Aaaargh! He said the M-word! Run for your lives!
Wait up! If your reaction to the words mathematics is “Oh, it’s that really annoying boring thing”, or “Oh, it’s that really hard and complicated thing”, we’re not talking about the same thing. In fact, if you think like that, you probably never experienced REAL mathematics.
Sure, you did a thing called mathematics at school. But I could just easily make a subject at school called “sex” where you would memorize sexual positions and human anatomy and pass exams and get a degree. And yet it wouldn’t be anything like REAL sex.
So let me tell you what I love about real mathematics. Maybe, just maybe, I’ll make you curious enough to give it a try.
What real mathematics is like
If you only experienced mathematics at school, you might think it starts with some boring formal definitions, then some boring formal algebra, followed by a boring formal proof, from which you get a mildly interesting result.
In reality, mathematics starts from the other end. It always starts with a riddle.
Here’s a riddle you might have heard before:
A farmer has a fox, a goose, and some cabbage. He wants to cross a river on his boat, but the boat is small, so he can only take one item with him at a time. He can’t leave the fox with the goose, or the goose with the cabbage, because the former would eat the latter. How can he cross the river?
The answer is quite simple, so I won’t even tell you. And the answer is where it would end for any normal human. But not for a mathematician. As mathematicians, after we enjoy the glowing feeling of having solved the riddle, we wonder what would happen in similar cases. Let’s say the genetically modified cabbage suddenly becomes conscious and decides it loves eating foxes. Is there still a solution?
(The answer is yes. Screw the goose and the fox! You’ve got frickin fox-eating cabbage on your hands! Get on national TV, become famous, then sell the cabbage on e-bay and never have to work again. Or, alternately, build up an army of fox-eating cabbages and try to take over the world. Or kill the cabbage before it turns against you, because you’re obviously starring in a third rate horror flick.)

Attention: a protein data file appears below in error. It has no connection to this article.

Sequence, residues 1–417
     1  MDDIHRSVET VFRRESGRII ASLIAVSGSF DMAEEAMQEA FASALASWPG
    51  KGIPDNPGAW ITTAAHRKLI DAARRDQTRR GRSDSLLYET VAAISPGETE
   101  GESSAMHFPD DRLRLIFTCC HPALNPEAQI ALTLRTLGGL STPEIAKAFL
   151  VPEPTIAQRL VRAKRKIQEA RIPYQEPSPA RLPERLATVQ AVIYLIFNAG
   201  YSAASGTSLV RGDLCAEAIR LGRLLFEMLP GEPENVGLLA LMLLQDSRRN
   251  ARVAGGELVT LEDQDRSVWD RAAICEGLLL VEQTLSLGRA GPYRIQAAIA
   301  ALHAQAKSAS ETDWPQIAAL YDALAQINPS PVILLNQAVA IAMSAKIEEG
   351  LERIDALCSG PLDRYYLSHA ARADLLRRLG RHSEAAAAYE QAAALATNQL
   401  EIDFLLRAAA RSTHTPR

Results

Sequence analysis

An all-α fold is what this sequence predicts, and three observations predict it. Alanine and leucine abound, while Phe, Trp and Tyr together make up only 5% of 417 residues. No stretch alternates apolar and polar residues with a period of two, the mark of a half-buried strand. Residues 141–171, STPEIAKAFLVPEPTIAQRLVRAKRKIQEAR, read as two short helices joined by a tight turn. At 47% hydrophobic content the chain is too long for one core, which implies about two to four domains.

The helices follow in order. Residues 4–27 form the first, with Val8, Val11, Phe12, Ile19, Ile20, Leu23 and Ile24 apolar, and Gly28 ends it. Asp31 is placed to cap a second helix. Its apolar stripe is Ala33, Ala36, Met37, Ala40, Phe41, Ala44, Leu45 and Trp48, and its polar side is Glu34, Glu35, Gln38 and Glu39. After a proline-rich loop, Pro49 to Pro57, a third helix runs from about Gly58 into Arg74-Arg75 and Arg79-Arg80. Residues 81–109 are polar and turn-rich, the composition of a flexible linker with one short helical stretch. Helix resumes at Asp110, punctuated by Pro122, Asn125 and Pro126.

Then, if we feel like it, we might go on to make some generalizations. How many animals could we transport like this if we had two places on the boat? How about three places? What about the general case of having n places? What if the relationships between what animal eats what were more complicated than a simple top-down chain?
Here’s the fun thing. No one is forcing us to do this. If we get bored, we can just leave all the gooses and fox-eating cabbages behind, and go weigh balls on a balance scale, or square a circle with just a compass and an unmarked ruler (which is impossible btw).
But what are the applications?
I can hear some of you thinking… “But what are the applications of knowing how the farmer can transport his stuff across the river?” Let me give you a long and complicated answer:
Ok, now on to the short and simple answer…
What are the applications of paintings? Of playing music? Of playing chess?
Sure, painting skills can be used to make advertisements more effective, music can be used to add soundtracks to make movies sell better, chess can be used… well it can’t :). But anyway. The point is, we don’t paint, or play music, or play chess, because it can give some actual results. We just do it for fun. We enjoy it. To paraphrase Richard Feynman:
Mathematics is like sex. It can give practical results, but that’s not why we do it.
Get over the idea that mathematics is just something used by engineers and physicists to solve problems. Mathematics is an art in itself, just like music or drawing.
Some more examples of real mathematics
Here are a few more examples of mathematics. I’ll give you an easy example, a moderately hard example, and an evil example.
1. “The two kids” riddle
Imagine you’re chatting with a friend about one of your common acquaintances.
“I heard she has two kids,” you say.